Air New Zealand and Qantas are likely to seek compensation from Boeing following the announcement of a two-year delay in delivery of their 787-9 Dreamliner aircraft on order
Air New Zealand has eight 787-9 aircraft on firm order with delivery of the first initially expected around the end of 2010, with all aircraft delivered by late 2013.
The delivery of the first aircraft is now likely in early 2012.
The airline says it will now be entering into compensation discussions with Boeing.
Overnight Boeing said production difficulties had led to the delays for the aircraft made largely of carbon fibre and promises significant fuel saving. First deliveries are not expected until late next year, almost 18 months later than planned.
Air New Zealand Chief Financial Officer Rob McDonald said while disappointed, Air New Zealand has sufficient flexibility in its existing portfolio of aircraft to ensure no capacity shortfall.
"However we are yet to determine if there will be any impact on our network expansion plans. We are obviously very disappointed that in the current environment of high jet fuel prices, we will not be able to take advantage of the significantly improved economics that this aircraft will provide in the timeframes we initially expected."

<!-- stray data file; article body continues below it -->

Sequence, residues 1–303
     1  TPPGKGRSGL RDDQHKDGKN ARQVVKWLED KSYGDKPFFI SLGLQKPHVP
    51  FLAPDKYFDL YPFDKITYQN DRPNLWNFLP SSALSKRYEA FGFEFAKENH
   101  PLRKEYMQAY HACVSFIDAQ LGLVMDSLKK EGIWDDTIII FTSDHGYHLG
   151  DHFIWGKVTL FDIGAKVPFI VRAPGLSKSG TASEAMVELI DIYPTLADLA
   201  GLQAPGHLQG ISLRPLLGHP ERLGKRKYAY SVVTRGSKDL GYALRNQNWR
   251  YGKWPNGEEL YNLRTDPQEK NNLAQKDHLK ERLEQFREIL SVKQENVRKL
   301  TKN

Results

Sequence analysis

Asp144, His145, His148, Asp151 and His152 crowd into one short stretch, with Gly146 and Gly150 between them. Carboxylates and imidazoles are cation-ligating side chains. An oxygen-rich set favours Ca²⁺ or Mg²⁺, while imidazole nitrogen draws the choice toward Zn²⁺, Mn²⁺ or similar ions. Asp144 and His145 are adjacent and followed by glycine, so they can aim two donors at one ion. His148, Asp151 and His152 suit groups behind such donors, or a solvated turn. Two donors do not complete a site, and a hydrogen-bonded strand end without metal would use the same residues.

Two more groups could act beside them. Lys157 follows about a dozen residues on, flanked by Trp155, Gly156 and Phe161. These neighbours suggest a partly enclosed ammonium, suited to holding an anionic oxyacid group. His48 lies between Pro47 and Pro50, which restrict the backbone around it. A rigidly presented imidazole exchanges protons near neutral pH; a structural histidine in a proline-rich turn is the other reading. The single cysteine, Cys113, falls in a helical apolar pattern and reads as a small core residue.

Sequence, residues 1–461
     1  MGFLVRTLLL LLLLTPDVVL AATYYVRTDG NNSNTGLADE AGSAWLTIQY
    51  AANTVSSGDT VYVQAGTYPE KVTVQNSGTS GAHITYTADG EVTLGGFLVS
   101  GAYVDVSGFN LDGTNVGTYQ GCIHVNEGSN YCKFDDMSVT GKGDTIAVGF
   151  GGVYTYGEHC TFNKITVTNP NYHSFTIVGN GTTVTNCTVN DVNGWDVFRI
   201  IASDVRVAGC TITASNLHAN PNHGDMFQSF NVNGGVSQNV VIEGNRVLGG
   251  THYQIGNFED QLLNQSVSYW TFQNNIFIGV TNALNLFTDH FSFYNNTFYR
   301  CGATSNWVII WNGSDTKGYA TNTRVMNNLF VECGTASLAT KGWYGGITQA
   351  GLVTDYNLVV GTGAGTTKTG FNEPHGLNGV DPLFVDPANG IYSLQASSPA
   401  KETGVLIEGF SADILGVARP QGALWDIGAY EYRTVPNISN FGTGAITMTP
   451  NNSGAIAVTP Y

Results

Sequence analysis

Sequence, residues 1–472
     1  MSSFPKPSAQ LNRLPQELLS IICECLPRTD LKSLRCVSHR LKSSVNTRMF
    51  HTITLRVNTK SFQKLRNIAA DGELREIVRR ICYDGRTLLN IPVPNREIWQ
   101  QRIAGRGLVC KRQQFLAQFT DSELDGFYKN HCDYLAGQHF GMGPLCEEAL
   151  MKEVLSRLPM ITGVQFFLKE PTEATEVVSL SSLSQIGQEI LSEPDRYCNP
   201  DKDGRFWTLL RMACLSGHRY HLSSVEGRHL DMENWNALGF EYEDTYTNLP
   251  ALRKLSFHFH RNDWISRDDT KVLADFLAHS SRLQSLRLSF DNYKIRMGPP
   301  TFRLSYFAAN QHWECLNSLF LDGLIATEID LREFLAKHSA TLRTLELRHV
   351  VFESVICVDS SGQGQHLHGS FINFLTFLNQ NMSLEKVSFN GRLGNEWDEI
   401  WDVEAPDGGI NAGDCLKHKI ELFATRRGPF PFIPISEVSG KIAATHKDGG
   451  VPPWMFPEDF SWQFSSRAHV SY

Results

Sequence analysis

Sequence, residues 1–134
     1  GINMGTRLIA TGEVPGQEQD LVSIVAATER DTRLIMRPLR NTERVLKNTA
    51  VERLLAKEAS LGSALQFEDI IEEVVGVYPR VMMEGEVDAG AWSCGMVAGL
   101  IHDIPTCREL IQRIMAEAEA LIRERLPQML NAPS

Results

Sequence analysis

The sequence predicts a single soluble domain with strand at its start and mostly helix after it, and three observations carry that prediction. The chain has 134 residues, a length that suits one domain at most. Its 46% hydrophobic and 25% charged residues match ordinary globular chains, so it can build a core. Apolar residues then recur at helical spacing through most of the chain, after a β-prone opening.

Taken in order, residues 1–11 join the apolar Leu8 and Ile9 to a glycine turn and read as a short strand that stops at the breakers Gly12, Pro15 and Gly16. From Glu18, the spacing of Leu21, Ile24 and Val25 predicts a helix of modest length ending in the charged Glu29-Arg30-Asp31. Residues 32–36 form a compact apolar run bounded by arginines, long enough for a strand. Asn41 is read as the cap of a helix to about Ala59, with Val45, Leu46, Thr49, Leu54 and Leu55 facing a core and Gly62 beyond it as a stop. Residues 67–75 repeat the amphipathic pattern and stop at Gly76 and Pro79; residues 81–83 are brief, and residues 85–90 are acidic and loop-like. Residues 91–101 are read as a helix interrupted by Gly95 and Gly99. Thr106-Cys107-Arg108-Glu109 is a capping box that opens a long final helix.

The airline had not finalised routes, but the 787's long range would allow non-stop services to South America and deep into the United States.
Air New Zealand also has four 777-300ER aircraft on order from Boeing which will be delivered in 2010 and 2011 and their delivery remains on schedule.
Meanwhile, Qantas also said today it's entitled to damages from Boeing for the delay.
Qantas said today the damages would be used to offset the cost of leasing alternative aircraft to make up for the 787.
But Qantas says it had anticipated the delay and had already made arrangements to cover the resulting capacity shortfall.
Qantas chief executive Geoff Dixon said Qantas was not surprised by the further delay announced by Boeing.
"We are, however, very disappointed that Boeing has again delayed the delivery schedule," Mr Dixon said.
"That said, we did anticipate a further delay and have been working on contingencies for some time."
- additional reporting by AAP